• Very strong liquidity, providing sufficient cash to cover both debt service and expenditures;
  • Very strong debt and contingent liability position that includes a low overall net debt burden and rapid amortization of principal.

Fitch Ratings also came in at AAA, citing mostly the same strengths as the other ratings services, and added this:

“The city continues to fund post-employment health care benefits (OPEB) above annual pay-go levels. The fiscal 2103 contribution was $16.5 million relative to benefit and administrative expenses of $11.7. An irrevocable trust was established in fiscal 2007 with assets of $37 million at the close of fiscal 2013. The unfunded accrued liability was $245 million as of July 1, 2013. “Fitch believes OPEB will not likely be a challenge for operations given the city’s fiscal 90 percent funding of the OPEB ARC.

“City charter requires the city to fully fund the annual actuarially required contributions, a practice Fitch views favorably. The city’s four pension plans are funded at a Fitch-estimated 73 percent on an aggregate level, using a 7 percent investment return rate. While this funding level is in the low side of midrange, the requirement of full ARC funding, recent pension reforms and prudent actuarial amortization assumption should lead to gradual improvement in the funded ratios. The total unfunded liability as of the July 1, 2013 actuarial report was a $94 million, or 2.2 percent of the market value of real property.

“The city’s total fiscal 2013 carrying costs for debt service, pension and current OPEB contributions were a moderate 13 percent of governmental spending.”

The full reports are attached below.

Fitch (1)


S & P rating report

2015 cap bud final


11 responses to “Hat trick for Norwalk: Top bond ratings from Fitch, Moody’s, S&P”

  1. Don’t Panic

    Please also report the fees paid to each credit rating agency and ask the City why it felt the need to be rated by all three.

  2. anon

    @Chapman, do you know why this is the case?

    “Moody’s praised Norwalk’s approach:

    “The city maintains four defined benefit pension plans for substantially all city employees, with the exception of the faculty and professional personnel of the Board of Education.”

    1. Mark Chapman


      From BOE Chairman Mike Lyons:

      Pensions for certified staff (teachers, principals) in Connecticut are provided by the State, not local governments.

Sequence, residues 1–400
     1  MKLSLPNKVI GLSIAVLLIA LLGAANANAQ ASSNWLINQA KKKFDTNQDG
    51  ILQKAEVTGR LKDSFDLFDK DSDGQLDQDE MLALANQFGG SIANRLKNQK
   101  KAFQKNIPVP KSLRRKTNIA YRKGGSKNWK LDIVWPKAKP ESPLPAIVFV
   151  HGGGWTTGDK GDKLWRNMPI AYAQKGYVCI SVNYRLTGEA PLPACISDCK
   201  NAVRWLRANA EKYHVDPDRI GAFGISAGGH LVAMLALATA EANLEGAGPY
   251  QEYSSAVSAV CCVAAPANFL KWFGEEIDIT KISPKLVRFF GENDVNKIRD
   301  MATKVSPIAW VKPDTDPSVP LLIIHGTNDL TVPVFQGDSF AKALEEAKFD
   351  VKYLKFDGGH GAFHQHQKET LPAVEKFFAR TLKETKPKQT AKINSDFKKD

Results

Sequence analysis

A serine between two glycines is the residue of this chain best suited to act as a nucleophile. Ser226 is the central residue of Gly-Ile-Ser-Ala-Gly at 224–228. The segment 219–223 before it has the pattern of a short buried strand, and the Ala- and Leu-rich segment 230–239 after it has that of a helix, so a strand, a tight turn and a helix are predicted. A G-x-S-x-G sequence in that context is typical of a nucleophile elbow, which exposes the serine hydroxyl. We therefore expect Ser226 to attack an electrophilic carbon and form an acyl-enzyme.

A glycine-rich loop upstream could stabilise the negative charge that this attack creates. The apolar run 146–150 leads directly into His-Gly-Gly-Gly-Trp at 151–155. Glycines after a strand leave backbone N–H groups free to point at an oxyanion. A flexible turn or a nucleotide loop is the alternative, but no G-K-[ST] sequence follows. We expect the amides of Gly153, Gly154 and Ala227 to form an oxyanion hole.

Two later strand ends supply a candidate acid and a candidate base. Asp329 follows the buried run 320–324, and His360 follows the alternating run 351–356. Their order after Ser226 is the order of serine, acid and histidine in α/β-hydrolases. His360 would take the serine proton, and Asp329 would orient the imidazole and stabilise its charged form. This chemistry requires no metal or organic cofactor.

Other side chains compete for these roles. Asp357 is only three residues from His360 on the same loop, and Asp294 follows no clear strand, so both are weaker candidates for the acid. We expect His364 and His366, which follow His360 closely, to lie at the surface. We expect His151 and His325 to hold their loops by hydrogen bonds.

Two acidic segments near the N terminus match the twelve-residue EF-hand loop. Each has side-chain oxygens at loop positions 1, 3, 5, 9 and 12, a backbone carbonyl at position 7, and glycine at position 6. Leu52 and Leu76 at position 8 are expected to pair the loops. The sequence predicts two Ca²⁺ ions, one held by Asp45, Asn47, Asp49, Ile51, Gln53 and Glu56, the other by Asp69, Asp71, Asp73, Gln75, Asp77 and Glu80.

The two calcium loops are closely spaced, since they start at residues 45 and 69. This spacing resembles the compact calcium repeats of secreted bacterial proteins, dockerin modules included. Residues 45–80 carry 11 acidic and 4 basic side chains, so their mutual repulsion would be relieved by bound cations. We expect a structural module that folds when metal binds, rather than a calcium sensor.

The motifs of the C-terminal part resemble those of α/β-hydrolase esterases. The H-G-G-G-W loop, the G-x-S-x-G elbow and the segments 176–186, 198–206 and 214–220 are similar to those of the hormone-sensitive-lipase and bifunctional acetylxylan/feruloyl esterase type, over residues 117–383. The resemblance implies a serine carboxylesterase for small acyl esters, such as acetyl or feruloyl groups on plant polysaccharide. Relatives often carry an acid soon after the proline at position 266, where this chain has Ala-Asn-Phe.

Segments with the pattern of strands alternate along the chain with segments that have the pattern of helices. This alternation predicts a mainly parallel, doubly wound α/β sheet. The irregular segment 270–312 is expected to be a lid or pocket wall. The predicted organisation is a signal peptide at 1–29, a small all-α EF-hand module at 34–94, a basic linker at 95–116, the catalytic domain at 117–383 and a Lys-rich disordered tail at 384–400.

3. Bruce Kimmel

    This, of course, is great news and, because the AAA rating allows the city to borrow at the lowest possible interest rate, will minimize the burden on taxpayers as we move forward with our various capital projects, especially our school renovations.
    Congratulations to our finance department, department heads, both Mayors Moccia and Rilling, the BOE, and to the many elected and appointed officials who made this possible by exercising fiscal prudence during difficult times.

  4. piberman

    Mr. Kimmel’s comments as Finance Chair of Common Council are distressing. Norwalk, like Stamford has long had top bond ratings for decades courtesy of New York’s financial and economic strength. Bond ratings paid for issuing entities, e.g. Norwalk, are solely concerned with ability to repay debt. To characterize them as superior management as does Mr. Kimmel shows unfamiliarity with municipal finance. If high bond ratings were really indications of superior management we’d be hard pressed to explain the City’s Grand List decline and stagnant property values 5 years into a vigorous national expansion. But then again City Council members find finance a difficult subject. We’d be hard pressed to find any new City homeowner who made a purchase decision on the City’s bond rating. Most potential homeowners avoid the City because of its punitive taxes and stagnant property values. And problems in governance.

  5. Taxpayer Fatigue

    Congratulations to our Finance Department and the BET for their sound fiscal management and governance. This is not easy to do given the pressures and needs of a city whose infrastructure has been neglected and underfunded for years – especially through a recession.

    As far as stagnant property values go, the only thing that is going to change that is for our school’s test scores to improve by at least ten to fifteen points so that they are at least in the same ballpark as our surrounding communities. There has been no significant statistical improvement in our test scores in years. Hopefully, Dr. Rivera and the BOE is going to change that in the next few years given all the additional expense and capital improvement funds we are giving them.

  6. Bill

    Keep up the good work Mike Lyons, do not let the haters drag you down.

  7. One and Done.

    Everyone remembers Enron, but even post Sarbanes Oxley and Dodd Frank acts these very rating agencies had MF Global at investment grade less than a week before it collapsed.
    The Professor is correct in his analysis. Ratings are based on ability to pay. Norwalk has an involuntary revenue stream of $300 million a year and $600 million in assets.
    Anyone who thinks this is from the marvelous work of some former NEON board chairman put on the BET out of political favor needs to have their head examined.

  8. Don’t Panic

    I still would like to know why we felt the need to get rated by all the agencies and how much we paid in fees for this little PR exercise. Prof. Berman is right. Ratings reflect ability to pay.

  9. EastNorwalkChick

    @Don’t Panic, ratings also determine what percentage rate you pay when borrowing money, the higher the rating, the lower the rate, thus saving the City money on interest expense.

  10. Don’t Panic

    I know that. Not my point. My point is that they felt the need to get ratings from ALL THREE agencies incurring three sets of ratings fees. I would like to know if the motivation behind that was just to be able to say all three rated us highly or if there is a business rationale for getting three instead of one or two. And if we are getting enough value from having THREE ratings to offset THREE sets of fees.